In a story by PC World, spam kingpin Alan Ralsky has plead guilty to a stock fraud case where he pumped up Chinese penny stocks:
Ralsky and four other individuals pleaded guilty on Monday, joining three others who had pleaded guilty earlier, the U.S. Department of Justice announced Monday. Cases are still pending against three other people, they said. The defendants were indicted in the Eastern District of Michigan in 2007.
In 2004 and 2005, the group engaged in a set of related conspiracies to manipulate stocks using false and misleading spam messages. After the spam boosted the trading volume and prices of the thinly traded stocks, the conspirators profited by trading in their shares. Many of the shares were low-priced "pink sheet" stocks for U.S. companies owned by individuals in Hong Kong and China, the DOJ said.
In addition to using false and misleading information in the spam messages, the conspirators created and sent the e-mail using software that made it hard to track the messages back to them, the DOJ said. They also used illegal methods to get around spam blockers and trick recipients into opening and acting on the messages. They falsified the headers, used proxy computers to relay the spam and falsely registered domain names, the DOJ said.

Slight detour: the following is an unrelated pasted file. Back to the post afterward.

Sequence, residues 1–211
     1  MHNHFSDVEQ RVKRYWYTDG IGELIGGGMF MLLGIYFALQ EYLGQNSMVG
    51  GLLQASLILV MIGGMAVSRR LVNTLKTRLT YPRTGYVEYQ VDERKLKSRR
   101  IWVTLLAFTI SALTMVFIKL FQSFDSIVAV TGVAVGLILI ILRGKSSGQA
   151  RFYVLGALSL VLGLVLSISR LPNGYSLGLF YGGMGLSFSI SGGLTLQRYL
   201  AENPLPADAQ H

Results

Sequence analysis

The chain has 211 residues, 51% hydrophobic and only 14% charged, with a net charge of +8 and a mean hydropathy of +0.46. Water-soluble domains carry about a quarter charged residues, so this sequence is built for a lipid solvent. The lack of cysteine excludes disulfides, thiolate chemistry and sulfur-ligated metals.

Antispam advocates have long considered Ralsky one of the world’s most prolific junk e-mailers, though he has claimed he is a legitimate business operator. He reportedly once admitted sending more than 70 million messages a day.
I can remember this type of spam blitz. In 2004 and 2005, when I did a lot of spam processing, I can specifically recall doing WHOIS lookups on domains and seeing Alan Ralsky’s name being associated with them. This guy sent a ton of spam and I can’t even recall how many domains and IPs of his I was responsible for blocking.
It should come as no surprise that his activities eventually caught up with. There have been a lot of spammers getting convicted in the past couple of years or getting nailed with huge lawsuits. It’s nice to see Ralsky go down, he was particularly notorious. 70 million per day is a huge number of annoying messages per day.